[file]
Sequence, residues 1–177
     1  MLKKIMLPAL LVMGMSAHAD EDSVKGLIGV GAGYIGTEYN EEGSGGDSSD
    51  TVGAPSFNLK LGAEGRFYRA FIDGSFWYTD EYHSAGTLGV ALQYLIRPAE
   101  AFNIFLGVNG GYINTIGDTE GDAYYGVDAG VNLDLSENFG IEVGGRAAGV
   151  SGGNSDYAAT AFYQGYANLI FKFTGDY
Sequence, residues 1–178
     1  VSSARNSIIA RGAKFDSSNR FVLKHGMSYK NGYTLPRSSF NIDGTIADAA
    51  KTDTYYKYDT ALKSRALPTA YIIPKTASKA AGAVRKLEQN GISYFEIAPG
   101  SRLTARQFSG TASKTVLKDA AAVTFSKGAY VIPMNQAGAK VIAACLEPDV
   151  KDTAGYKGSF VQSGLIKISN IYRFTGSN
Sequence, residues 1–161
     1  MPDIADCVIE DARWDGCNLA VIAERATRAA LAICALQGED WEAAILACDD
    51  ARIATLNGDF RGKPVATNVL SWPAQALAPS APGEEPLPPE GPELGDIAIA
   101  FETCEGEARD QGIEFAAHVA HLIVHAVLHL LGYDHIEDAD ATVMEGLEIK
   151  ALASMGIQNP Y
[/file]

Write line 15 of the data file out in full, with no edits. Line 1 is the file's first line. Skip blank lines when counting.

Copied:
   151  ALASMGIQNP Y